Digital nomads and tourists have one thing in common: They both enjoy going to new places!
But although they both love to travel, digital nomads take it up a notch because they work online and live in different countries for months!
This lifestyle is the epitome of “living life to the fullest,” and it has many benefits other than creating memories.
Now, you might be wondering…
How much money do digital nomads earn?
A digital nomad’s annual income can range from $25,000 to $250,000, which is enough for their monthly expenses, typically costing $1,000 to $2,000.
But of course, their income can go even higher, depending on what they do for a living.
The most common remote work for digital nomads is self-employed jobs like freelance writing, virtual assistance, and social media management.
But it’s worth noting that there are digital nomads who are employees or entrepreneurs.
Regardless of their profession, studies found that digital nomads worked for roughly 40 hours per week – working in co-working spaces, hotels, or coffee shops.
Do digital nomads pay taxes?
Digital nomads file and pay their taxes from their home country, as they’re considered citizens in that place.
But to avoid some of your tax obligations in your home country, you can declare yourself non-resident for tax reasons.
Countries that welcome digital nomads can also require them to pay taxes.
For example, digital nomads with a Thailand Digital Nomad Visa must pay 17% in taxes instead of a 35% tax rate.
Getting taxed twice can be a pain for digital nomads, but luckily, they can avoid it with the help of tax benefits, such as the Foreign Earned Income Exclusion (FEIE) and the Foreign Tax Credit (FTC) for US citizens.
Can you be a nomad with a child?
You can still be a digital nomad despite having kids, but expect more challenges in traveling and parenting with this kind of setup.
And regarding their children’s education, digital nomads with families either enroll their kids in an online school or homeschool them.
Homeschoolers even have a term for this kind of learning.
It’s called “world schooling.” This educational movement aims to let children study and improve their education by traveling worldwide!
Where do most digital nomads choose to live?
Digital nomads prefer living in Southeast Asian countries since this region offers an affordable lifestyle.
A study from the UK even states that Bangkok, Thailand, is ranked as the best city in Asia and the second-best city in the world for digital nomads.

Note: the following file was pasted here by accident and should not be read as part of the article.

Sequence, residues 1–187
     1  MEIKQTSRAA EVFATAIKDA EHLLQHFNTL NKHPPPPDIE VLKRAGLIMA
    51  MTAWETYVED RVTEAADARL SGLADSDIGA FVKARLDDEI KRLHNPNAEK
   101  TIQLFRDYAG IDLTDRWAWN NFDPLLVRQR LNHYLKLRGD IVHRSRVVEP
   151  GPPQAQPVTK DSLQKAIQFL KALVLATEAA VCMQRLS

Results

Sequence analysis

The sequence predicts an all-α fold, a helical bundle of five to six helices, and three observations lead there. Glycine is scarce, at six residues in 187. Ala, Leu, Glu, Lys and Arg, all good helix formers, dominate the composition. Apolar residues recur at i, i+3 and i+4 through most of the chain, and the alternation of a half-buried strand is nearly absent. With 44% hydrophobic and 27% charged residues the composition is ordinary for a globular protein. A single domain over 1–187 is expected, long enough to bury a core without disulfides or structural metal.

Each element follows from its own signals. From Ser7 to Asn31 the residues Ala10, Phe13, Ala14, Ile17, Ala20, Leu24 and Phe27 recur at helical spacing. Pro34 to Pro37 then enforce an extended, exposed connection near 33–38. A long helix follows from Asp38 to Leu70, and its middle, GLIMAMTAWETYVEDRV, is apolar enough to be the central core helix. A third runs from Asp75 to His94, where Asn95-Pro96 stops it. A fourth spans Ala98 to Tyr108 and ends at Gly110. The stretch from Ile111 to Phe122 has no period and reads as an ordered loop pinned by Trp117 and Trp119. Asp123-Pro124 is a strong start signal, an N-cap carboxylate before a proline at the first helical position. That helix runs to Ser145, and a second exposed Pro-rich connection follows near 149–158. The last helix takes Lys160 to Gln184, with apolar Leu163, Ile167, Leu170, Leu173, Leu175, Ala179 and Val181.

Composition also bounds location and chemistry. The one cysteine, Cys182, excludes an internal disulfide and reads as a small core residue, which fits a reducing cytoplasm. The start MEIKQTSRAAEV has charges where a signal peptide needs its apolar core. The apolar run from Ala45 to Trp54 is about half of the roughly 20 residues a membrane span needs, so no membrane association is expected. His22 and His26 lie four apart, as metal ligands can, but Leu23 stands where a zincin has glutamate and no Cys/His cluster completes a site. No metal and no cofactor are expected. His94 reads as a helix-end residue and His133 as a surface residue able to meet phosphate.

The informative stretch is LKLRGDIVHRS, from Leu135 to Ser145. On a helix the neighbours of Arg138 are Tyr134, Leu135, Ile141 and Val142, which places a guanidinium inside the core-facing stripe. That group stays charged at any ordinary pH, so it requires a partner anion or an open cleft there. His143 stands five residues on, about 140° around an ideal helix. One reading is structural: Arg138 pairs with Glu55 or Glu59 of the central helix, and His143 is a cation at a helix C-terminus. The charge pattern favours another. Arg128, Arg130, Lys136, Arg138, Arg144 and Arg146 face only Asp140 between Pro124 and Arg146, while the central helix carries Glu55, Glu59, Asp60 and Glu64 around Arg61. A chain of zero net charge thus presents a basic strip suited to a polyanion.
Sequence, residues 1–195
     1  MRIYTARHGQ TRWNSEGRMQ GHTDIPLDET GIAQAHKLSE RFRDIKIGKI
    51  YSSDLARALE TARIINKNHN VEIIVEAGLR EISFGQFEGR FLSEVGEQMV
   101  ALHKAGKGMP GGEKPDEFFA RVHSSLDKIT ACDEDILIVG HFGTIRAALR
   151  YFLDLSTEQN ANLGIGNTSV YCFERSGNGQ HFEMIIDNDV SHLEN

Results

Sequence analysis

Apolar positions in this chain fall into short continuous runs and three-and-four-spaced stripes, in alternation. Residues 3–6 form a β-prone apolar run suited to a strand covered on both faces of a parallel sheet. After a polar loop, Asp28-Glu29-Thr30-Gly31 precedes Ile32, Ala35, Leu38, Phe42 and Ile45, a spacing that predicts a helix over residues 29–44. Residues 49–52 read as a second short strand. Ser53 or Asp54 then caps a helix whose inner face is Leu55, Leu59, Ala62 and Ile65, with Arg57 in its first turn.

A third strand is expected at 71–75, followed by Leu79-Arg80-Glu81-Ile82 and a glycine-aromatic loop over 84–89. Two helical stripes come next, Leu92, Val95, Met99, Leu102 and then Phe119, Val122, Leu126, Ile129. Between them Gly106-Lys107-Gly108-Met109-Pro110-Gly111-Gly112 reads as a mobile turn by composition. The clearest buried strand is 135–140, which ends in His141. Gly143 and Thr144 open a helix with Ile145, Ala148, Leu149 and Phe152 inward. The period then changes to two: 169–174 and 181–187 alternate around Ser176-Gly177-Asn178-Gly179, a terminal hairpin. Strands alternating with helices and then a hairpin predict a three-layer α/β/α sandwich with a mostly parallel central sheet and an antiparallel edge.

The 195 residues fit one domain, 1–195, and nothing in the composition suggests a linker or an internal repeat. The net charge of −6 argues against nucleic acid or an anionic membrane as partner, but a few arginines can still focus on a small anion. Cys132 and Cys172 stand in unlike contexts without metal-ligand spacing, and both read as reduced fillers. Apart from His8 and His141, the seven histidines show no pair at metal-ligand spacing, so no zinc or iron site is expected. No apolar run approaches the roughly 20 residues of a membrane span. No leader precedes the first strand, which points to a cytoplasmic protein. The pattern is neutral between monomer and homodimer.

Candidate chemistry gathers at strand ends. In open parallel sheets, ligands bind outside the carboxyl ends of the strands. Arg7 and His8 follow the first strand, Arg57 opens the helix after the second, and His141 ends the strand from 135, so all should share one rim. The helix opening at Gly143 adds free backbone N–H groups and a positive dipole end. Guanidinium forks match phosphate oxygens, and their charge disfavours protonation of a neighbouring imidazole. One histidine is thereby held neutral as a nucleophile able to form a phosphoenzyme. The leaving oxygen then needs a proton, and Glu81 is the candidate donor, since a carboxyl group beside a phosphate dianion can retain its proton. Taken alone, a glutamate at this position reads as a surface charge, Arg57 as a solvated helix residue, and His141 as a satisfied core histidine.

But affordability isn’t the only basis of digital nomads when choosing a city to live in; other factors they consider are the weather, internet speed, and safety.
Also, it doesn’t mean that all countries outside of Southeast Asia aren’t suitable for digital nomads.
In fact, Lisbon, Portugal, ranks number one as the best place for digital nomads.
How long do digital nomads stay in one place?
According to digital nomads themselves, they often live in one place for around one to six months.
But some digital nomads only stay a few weeks in a particular city or country, living in numerous countries in under a month or two!
They’re able to pull it off by strategically planning their thrilling journey.
Generally, a digital nomad’s multi-destination travel plan includes researching places for their itinerary, choosing airlines with better deals, and inviting other digital nomad friends to cut costs.
Are digital nomads minimalist?
Since digital nomads travel a lot, many also live a minimalist lifestyle.
After all, having and bringing a lot of possessions to different countries can be stressful – carrying dozens of books instead of just getting a Kindle is an example.
Most focus on only carrying their travel and work essentials, although others bring more, especially if they travel and live in a camper van.
Of course, this is limited to countries digital nomads can go to without needing an airplane or a boat.
Are digital nomads good for the economy?
Digital nomads are beneficial for a country’s economy for many reasons.
Higher demand for short-term rentals and small hotels is an ideal example.
There are also digital nomad vloggers that do travel vlogs, showing their audience where they go, which leads to attracting more tourists.